Scientist Donald Kessler came up with the theory known as Kessler Syndrome. According to Kessler's calculations, even if today we stop all spacecraft launches at once, the amount of trash that has accumulated in space has already reached a critical mass. The mechanism that is most responsible for the pollution of space is collisions and explosions, and every collision between two bodies creates masses of small fragments that scatter in space, collide with other bodies and so on. Within a few decades, Kessler speculated, the inevitable collisions between the pieces of garbage already in the sky today will fill space with countless dangerous particles. The particles would create a deadly shell around the Earth, a shell that would de facto prevent any possibility of going into space. If this dire vision is realized, we may find ourselves in a situation where entire generations of Earthlings will not be able to develop advanced space technology, and this could have a severe impact on technology in general.

Are we late? Will this be the case in the coming years? time will tell. As of today we treat the air we breathe, the drinking water in the ground and the salt water of the oceans with the same carelessness as the scientists treated the 'infinite' space outside the earth. At the very least, we learn one clear lesson from the whole thing: it's never too early to think about the future.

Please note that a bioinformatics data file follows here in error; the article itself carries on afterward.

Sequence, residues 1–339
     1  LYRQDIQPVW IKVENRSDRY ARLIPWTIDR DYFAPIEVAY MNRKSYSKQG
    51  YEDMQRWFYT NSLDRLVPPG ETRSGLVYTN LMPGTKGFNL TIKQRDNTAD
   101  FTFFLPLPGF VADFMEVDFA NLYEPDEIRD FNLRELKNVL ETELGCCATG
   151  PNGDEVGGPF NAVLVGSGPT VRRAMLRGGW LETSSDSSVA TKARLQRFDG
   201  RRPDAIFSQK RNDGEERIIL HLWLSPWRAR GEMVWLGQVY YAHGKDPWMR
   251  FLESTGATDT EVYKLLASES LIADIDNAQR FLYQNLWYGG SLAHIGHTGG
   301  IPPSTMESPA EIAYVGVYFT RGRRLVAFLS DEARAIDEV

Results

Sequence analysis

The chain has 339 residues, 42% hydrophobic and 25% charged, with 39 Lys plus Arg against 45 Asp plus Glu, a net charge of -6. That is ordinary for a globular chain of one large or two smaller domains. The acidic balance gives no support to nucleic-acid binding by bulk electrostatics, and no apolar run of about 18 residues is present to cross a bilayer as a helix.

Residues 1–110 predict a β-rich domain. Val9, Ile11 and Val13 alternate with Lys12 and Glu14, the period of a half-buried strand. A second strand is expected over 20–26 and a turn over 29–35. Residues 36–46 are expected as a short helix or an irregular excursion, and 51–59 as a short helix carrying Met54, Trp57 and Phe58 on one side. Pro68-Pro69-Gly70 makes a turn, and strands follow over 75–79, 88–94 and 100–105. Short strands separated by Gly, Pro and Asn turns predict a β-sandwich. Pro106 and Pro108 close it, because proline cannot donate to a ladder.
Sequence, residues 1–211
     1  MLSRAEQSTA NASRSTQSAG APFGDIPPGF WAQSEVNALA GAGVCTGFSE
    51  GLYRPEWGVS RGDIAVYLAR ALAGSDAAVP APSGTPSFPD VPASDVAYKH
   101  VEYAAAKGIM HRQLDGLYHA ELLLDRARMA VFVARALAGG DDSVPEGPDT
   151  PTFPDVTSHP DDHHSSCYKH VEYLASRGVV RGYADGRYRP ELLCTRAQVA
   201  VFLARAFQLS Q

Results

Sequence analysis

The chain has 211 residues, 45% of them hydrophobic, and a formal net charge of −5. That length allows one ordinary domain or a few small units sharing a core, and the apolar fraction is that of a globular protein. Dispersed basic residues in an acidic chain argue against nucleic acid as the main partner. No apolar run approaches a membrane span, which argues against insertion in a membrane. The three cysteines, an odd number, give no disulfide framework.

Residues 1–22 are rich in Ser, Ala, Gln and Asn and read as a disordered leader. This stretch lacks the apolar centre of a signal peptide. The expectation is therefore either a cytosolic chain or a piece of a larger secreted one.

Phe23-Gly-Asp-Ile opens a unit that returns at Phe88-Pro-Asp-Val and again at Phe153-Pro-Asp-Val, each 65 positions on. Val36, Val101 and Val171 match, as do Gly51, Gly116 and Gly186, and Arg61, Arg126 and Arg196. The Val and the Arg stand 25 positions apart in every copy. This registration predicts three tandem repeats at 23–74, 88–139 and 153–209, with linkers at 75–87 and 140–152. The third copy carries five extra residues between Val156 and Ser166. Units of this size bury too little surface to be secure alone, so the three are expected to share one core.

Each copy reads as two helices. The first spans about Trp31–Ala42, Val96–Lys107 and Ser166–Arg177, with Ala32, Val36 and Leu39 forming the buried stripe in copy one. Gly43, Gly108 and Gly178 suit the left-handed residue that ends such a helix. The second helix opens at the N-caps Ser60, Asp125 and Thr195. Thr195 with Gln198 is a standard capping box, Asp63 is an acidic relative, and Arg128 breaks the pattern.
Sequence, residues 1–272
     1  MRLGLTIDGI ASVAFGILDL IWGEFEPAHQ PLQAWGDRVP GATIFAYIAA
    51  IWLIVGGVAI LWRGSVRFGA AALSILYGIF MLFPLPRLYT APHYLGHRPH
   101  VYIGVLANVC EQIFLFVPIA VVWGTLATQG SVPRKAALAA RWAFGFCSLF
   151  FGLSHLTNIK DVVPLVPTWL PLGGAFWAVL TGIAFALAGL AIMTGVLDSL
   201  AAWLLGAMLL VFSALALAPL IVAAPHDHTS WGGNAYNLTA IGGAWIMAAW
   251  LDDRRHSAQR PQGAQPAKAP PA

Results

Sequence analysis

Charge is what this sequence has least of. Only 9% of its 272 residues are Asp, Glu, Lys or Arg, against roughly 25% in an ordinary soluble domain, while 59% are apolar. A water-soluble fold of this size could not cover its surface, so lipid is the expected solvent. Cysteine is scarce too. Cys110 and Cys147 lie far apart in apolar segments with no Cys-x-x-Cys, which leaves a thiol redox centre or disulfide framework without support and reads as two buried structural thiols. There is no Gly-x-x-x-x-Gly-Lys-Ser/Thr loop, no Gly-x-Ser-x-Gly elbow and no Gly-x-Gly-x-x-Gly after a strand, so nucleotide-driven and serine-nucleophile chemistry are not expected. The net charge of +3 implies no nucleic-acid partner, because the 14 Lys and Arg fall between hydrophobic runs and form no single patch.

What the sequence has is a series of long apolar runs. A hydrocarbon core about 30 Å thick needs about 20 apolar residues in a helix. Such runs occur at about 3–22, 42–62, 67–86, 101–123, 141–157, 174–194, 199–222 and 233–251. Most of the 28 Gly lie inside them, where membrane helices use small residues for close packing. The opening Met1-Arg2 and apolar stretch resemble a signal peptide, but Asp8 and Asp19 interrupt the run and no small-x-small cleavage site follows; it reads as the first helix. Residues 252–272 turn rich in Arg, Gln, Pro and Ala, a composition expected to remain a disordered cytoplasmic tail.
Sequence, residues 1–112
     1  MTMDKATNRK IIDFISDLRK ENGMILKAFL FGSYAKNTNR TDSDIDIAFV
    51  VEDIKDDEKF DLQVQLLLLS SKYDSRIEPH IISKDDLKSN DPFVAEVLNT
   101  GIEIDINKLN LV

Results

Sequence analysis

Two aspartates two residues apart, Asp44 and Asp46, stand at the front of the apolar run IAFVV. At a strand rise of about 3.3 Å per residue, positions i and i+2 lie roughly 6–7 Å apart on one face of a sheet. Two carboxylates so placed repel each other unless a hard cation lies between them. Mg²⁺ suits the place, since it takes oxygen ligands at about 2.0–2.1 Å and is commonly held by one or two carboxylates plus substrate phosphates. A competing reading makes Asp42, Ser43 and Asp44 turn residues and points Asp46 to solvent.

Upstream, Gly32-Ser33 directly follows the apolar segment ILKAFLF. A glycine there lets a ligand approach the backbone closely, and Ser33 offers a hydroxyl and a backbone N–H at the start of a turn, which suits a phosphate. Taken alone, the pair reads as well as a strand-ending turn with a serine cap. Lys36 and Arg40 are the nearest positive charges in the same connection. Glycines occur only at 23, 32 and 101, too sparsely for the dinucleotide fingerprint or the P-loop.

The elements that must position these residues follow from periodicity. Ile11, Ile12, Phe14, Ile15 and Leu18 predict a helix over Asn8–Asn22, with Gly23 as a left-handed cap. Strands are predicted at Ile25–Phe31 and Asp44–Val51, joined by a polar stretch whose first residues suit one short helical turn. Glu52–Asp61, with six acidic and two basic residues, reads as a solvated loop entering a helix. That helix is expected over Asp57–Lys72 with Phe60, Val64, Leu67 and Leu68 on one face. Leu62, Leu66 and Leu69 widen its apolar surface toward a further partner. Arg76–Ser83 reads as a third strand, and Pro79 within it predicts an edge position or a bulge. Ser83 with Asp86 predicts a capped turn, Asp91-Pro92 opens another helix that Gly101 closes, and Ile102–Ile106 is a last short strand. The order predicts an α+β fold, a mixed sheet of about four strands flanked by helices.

(The article is taken from the program 'Making History!', a bi-weekly podcast about science, technology and history at www.ranlevi.blogspot.com)

1. by Michael R. (formerly Michael) Responded:

5:
Just for fun:
The pieces of junk on Earth move at about 30 km/s around the sun and the sun itself moves at 220 km/s around the center of the galaxy (and of course I ignored their rotation speed around the earth's axis because it varies with latitude).
In short - this is actually junk that moves quite fast - at least in relation to the center of the galaxy.
The point is, of course, that the garbage speeds on Earth are synchronized with each other and with us, and thus collisions are avoided.
It will be many more years until the pieces of garbage we have seeded in space reach (due to collisions among themselves) a similar synchronization.

2. To 1 Responded:

There may be a lot more than half a million pieces of junk in God, but not a single piece flies at a speed of thirty thousand kilometers per hour.
If you intend to make proportions, put this figure in as well (however, I quite agree with your claim. Sad.)

3. lion Responded:

Here is the only solution to the problem: Let's assume that with the current amount of garbage we still manage. To prevent Kessler syndrome, all decommissioned satellites must be intercepted. This can be done by building a small dedicated rocket that will be launched at the satellite, attach to the disabled satellite and accelerate it with a rocket engine so that it falls to the ground.
The real problem is budget for such a project. In my opinion, the budget should be international, with each country participating proportionally according to the number of satellites it has in space. In the future, each new satellite must include an engine with a sufficient amount of fuel to slow it down and drop it to Earth at the end of its life.

4. י Responded:

It is possible to detonate many hydrogen bombs that will vaporize at least some of the particles

5. Vic Responded:

Amusing wording isn't it? "Exploitation of Space"
Happy holiday to all of us!

6. point Responded:

take in proportion. On the surface of the earth there are more than half a million pieces of garbage, much more.